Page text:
What is Matcha?

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I get asked this question a lot, which is surprising to me because of the recent surge in popularity of matcha-style milkshakes (lattes), matcha cakes and cookies, and matcha smoothies.  I guess people are buying these things because someone told them it was good for them (really?…with all the fat and sugar added?)

Matcha is a ground tea leaf made from a specific shade-grown cultivar of the Camellia sinensis plant.  It traditionally comes from Japan, and is used in the Japanese Tea Ceremony.    The tea leaves are first finished as a green tea and then carefully and slowly ground by stone to a fine powder.  Matcha prices vary a lot—from $11 per pound for food-grade matcha to $50 for a 30 gram sealed can.  The flavor and natural sweetness can vary quite a bit depending on the grade and freshness of the matcha.  Most matcha-lovers look for smaller (30 gram) sealed cans bearing the date of manufacture(you can get a good quality, good tasting matcha in the $20 to $30 price range).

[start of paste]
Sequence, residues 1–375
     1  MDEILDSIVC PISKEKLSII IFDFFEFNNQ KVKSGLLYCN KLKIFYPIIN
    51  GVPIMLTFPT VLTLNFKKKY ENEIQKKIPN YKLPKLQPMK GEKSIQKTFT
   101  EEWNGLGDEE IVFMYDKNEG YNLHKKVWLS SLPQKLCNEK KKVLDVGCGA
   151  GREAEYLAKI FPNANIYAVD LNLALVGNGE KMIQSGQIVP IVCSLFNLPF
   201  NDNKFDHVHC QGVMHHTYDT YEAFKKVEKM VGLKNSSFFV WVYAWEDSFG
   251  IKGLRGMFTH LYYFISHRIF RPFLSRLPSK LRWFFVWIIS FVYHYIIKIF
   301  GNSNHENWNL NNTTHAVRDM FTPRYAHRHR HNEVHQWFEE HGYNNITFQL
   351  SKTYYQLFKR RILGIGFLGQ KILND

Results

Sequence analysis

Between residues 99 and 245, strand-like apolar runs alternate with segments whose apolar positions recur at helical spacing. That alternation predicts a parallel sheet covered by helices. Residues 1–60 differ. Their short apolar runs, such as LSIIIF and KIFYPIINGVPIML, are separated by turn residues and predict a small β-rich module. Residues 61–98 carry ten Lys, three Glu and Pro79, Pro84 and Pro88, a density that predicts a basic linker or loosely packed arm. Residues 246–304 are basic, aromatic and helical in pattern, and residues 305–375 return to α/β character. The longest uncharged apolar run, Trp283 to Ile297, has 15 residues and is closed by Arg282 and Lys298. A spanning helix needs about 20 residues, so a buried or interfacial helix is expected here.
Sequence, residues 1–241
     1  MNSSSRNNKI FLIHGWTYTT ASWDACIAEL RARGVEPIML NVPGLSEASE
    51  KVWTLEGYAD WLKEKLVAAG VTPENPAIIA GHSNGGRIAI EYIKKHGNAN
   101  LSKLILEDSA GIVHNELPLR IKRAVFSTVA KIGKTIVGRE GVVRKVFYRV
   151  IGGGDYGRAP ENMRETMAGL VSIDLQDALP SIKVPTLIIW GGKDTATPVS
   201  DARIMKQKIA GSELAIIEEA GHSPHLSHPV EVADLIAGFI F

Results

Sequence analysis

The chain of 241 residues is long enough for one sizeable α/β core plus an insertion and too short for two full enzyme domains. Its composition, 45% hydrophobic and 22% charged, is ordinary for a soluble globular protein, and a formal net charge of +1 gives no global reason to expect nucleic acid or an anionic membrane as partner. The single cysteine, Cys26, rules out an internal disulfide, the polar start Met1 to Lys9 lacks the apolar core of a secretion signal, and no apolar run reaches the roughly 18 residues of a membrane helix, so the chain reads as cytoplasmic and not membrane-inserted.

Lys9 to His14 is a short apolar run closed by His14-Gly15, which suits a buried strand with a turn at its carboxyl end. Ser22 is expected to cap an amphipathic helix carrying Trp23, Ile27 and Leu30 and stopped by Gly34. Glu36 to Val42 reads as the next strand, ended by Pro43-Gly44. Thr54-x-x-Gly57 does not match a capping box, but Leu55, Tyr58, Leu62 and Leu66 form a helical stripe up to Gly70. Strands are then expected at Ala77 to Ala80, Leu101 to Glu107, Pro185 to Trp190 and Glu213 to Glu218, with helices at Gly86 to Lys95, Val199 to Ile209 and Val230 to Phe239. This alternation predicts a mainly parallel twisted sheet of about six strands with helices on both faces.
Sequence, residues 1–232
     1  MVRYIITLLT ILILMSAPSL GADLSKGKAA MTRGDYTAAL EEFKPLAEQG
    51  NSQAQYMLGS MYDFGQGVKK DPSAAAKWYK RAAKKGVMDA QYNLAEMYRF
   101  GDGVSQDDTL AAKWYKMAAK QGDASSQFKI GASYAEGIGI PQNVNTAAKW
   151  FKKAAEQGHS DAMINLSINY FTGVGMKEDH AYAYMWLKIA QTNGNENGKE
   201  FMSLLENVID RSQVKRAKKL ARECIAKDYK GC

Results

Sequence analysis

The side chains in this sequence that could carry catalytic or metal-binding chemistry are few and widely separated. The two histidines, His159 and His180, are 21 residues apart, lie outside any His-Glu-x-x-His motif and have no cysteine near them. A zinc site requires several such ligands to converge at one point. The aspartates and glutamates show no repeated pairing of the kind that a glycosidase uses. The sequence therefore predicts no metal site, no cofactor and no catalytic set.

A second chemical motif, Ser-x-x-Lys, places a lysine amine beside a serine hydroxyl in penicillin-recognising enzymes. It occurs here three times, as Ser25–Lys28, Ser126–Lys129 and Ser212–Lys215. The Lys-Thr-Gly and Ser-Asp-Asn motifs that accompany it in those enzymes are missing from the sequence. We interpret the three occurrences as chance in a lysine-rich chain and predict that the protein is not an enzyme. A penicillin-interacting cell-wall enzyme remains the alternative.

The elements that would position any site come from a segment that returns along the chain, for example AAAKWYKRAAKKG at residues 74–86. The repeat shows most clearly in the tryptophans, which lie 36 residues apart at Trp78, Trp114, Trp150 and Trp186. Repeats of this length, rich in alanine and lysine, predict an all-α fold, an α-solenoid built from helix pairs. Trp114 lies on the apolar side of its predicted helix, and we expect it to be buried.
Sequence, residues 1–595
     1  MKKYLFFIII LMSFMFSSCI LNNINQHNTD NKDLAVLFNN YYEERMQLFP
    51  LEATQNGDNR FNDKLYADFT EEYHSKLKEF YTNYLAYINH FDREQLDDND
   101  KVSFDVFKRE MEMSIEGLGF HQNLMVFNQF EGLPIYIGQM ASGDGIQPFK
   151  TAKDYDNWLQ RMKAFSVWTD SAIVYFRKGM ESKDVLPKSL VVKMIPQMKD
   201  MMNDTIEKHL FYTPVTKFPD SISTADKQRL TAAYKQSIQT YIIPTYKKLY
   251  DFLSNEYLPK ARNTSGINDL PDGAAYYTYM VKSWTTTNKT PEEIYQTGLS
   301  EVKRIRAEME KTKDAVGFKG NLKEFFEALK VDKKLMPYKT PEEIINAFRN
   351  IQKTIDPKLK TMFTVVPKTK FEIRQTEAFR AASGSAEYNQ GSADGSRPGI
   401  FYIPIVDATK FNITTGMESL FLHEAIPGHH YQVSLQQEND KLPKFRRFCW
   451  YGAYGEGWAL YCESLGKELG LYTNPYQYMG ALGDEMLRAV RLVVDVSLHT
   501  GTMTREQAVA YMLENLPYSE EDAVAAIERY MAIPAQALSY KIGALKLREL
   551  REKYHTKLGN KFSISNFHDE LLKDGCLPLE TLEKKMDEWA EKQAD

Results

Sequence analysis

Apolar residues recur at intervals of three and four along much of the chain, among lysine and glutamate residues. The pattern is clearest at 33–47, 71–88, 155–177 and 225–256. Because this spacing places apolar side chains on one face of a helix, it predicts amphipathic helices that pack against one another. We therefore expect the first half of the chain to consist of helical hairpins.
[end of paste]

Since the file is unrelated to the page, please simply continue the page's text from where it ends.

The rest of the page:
Many people enjoy matcha as an everyday drink, prepared simply in the Japanese traditional fashion.  Preparation for enjoyment of matcha involves wisking (using a traditional bamboo wisk) the powder with hot water (140F) until completely smooth and frothy.  The ratio of tea powder to water is a personal taste preference, but I tend to go with 1//2 tsp per half cup of water.  If you decide to try matcha I recommend buying the best quality you can afford and to include the purchase of a bamboo wisk.  I’ve personally tried using a kitchen wisk and it just doesn’t break up the little clumps like the bamboo wisk. 

Is matcha better for you than regular steeped tea?  I don’t know—I’m not a chemist or food scientist.  From my STI education I have been taught that shade grown teas develop different levels of certain compounds because of plant stress:  caffeine development is increased; chlorophyll is increased; polyphenols are decreased; and L-theanine (the brain-calming amino acid) is increased.

Just like any tea, if you like matcha then drink it, but remember that tea is part of a healthy lifestyle overall.

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